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Isn’t it wonderful to hear at the end of a training participants learned a lot, something new or perhaps only one thing, but so powerful it’s just what they had been looking for? Your satisfaction and their is high. The energy is high and everyone has good hopes to make a shift in their lives.

Back home you reflect back on the training you offered and recall previous days you facilitated the same training. How actually are those folks doing? What do they still know? What difference did it make in their lives? All of a sudden you are not so sure anymore if they impact you envisioned is actually happening. 

Since we don’t want to be assuming, but be sure we have impact, some, more or a lot, we need to actively be working towards ways to facilitate it. Preferably even have active strategies for feedback and measuring to find out. But let’s keep that piece for another article.

The following 3 assumptions are lines I hear from trainers and I take them as an invitation to help shift these into more powerful and action oriented strategies that help increase the impact beyond the workshop room:

EXCUSE 1 – PARTICIPANTS GO ON WITH THEIR LIVES AND APPLY JUST SOME PARTS OF WHAT THEY LEARNED

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Yes, people go on with their lives. But it’s also true they, at least in most cases, voluntarily came to you to develop some skill that would help grow or resolve something in their life, relationship, work or something else. The fact that they showed up tell enough right. So what can we do as a trainer to make sure they don’t only go home with knowledge but are also able to apply it. Otherwise they could have read a book or listened to a lecture. Practice during your training. Do role-plays or take time to have people develop strategies that they themselves see possible to integrate in their situation. Start growing the confidence already right away.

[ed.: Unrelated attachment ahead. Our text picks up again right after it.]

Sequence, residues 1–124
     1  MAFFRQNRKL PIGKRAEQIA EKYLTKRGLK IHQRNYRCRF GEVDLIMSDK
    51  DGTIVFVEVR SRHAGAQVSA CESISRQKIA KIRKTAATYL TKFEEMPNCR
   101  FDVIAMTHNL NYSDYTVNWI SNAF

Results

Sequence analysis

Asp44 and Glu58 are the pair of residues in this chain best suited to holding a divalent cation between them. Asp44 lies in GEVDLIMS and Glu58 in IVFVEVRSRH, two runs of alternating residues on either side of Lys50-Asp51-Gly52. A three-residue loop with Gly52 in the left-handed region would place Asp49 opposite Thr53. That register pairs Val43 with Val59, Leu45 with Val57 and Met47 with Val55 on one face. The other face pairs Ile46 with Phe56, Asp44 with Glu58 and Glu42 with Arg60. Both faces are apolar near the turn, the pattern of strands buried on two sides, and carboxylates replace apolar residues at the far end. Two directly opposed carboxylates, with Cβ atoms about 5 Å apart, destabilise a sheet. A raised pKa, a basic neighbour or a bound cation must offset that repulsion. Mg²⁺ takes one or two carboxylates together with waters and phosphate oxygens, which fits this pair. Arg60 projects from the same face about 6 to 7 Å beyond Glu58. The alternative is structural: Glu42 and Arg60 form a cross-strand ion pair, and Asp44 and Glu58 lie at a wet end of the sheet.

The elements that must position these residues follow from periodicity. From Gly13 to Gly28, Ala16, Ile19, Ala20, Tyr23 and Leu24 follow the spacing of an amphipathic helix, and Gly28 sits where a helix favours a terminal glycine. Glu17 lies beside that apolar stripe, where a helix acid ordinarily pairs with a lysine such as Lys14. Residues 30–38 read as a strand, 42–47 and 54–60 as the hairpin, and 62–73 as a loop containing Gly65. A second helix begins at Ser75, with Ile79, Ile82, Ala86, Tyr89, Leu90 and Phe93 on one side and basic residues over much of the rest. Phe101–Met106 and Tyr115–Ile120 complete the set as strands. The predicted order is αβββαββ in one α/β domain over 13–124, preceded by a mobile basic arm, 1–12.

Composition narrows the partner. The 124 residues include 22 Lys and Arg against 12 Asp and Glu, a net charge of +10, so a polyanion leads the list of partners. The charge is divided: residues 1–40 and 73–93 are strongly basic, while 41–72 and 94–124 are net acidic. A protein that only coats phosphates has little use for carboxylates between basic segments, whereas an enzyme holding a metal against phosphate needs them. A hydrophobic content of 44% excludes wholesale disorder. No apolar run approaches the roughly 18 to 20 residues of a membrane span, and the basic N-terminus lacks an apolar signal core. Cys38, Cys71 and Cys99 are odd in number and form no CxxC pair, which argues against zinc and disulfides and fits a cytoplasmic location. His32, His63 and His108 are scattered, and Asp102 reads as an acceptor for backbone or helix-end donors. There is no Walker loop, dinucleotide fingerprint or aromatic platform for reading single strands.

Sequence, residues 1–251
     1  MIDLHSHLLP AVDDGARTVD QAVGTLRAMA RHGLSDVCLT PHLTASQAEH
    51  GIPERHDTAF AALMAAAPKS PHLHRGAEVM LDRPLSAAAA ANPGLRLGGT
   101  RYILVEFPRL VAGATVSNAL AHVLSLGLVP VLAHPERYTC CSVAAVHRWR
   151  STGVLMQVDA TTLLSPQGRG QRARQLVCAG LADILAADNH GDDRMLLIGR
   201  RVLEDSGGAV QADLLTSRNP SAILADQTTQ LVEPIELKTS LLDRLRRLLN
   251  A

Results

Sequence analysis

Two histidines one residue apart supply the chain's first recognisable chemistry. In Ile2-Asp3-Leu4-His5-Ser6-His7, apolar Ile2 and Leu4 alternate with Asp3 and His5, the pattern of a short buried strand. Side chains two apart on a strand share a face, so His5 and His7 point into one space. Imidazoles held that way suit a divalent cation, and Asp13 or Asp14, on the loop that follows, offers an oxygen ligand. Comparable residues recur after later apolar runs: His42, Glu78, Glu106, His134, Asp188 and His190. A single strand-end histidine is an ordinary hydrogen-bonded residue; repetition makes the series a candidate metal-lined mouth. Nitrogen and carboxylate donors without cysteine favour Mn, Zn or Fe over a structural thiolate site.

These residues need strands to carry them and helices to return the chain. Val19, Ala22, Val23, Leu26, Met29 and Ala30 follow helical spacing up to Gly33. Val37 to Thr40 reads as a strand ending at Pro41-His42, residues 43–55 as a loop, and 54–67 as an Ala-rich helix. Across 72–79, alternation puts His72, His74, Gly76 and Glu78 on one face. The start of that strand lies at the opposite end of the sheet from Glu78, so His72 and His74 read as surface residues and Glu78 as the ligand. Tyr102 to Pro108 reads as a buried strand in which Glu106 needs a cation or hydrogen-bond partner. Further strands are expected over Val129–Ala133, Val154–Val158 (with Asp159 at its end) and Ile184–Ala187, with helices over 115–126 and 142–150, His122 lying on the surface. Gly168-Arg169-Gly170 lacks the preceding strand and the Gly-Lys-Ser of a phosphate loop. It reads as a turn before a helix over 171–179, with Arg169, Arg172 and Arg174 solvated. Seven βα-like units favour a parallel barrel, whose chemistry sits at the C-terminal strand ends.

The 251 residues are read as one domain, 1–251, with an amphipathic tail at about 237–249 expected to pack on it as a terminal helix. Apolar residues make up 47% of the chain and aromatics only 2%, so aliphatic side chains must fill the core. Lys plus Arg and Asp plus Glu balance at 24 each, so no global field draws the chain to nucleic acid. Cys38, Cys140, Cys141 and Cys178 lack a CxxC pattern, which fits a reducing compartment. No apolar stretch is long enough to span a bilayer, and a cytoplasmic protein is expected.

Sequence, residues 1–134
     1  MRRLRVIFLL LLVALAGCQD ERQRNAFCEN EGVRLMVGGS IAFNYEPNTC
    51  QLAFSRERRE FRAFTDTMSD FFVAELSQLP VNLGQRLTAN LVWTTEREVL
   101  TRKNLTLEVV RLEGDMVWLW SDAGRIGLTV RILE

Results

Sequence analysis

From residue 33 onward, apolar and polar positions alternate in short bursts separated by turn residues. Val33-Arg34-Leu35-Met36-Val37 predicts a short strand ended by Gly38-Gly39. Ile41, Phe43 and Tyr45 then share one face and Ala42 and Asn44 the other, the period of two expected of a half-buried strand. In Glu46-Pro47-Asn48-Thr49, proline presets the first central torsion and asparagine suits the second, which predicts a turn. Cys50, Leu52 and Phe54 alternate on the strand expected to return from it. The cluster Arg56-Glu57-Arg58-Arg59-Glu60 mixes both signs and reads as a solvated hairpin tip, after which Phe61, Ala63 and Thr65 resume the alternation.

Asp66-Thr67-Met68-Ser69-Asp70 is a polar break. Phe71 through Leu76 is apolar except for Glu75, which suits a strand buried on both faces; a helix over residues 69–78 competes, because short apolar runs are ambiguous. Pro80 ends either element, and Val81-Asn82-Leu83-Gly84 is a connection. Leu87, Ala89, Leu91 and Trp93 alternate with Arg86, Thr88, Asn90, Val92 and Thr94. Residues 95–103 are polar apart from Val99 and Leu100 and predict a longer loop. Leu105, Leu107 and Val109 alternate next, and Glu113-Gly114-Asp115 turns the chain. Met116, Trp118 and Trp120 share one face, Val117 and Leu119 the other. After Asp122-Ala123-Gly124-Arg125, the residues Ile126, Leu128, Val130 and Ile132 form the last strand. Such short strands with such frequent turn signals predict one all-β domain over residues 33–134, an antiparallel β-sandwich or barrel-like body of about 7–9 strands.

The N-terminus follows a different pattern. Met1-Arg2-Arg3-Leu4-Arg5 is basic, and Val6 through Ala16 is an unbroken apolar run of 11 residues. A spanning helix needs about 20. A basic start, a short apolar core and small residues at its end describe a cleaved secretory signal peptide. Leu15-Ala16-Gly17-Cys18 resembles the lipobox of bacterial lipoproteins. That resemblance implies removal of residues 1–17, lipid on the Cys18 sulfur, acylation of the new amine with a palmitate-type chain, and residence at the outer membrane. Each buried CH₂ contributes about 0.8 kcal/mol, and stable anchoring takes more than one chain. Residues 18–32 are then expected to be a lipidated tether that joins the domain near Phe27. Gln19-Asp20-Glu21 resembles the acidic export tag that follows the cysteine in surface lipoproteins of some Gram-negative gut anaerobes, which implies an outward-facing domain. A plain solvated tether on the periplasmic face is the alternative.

EXCUSE 2 – I CAN’T INFLUENCE ON HOW PARTICIPANTS APPLY WHAT THEY LEARNED BACK HOME OR AT WORK

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What would it look like in your case when people would apply more of what they learned? What exactly would people be doing? Write a few things down. Now think of some (little) steps you can take that would close the gap. I bet you can find some strategies that are in your power or that you can turn into an invitation for your participants to accept and follow up on.

 

EXCUSE 3 – ONE OR TWO DAY TRAININGS ARE OFTEN TOO SHORT TO MAKE A REAL CHANGE

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You won’t hear me complain about guiding participants for a longer period of time. I certainly do enjoy working longer with people because it takes time to build new muscles and change habits. However, that doesn’t mean it is not possible with short programs to make a shift. And it’s my invitation to you to come up with ideas how you can reveal the shift people make during the time together. The value in it is, that sometimes participants are not aware of the shift. By taking time to harvest and dialogue about what participants already let go of or are now wiling to let go of, raises awareness for something present that was not yet in the perception of some. Clearing they way for the new to arrive and develop before people go home, helps the shift to unfold further.

 

MAIN INSIGHTS

Ask yourself these questions when you design your workshop:

INSIGHT 1 ⚡️ Which practice will help grow confidence during my training and ease up the integration process?

INSIGHT 2 ⚡️ Which invitations can I make to my participants to follow up on back home or at work?

INSIGHT 3 ⚡️ How can I help participants to remove their first blocks that they meet after the training?

My name is MIREILLE VAN BREMEN

I believe that with empathy, clarity and transparency in our communication, we experience and reach more understanding, connection, inclusion, participation, leadership, creativity and trust in our relationships, communities and society.

My clients hire me to design infographics & visual summaries, illustrations and visual tools.

My participants join the online and live communication programs in my Online Training Platform

My programs help to increase impact by communicating both empathically and visually. 

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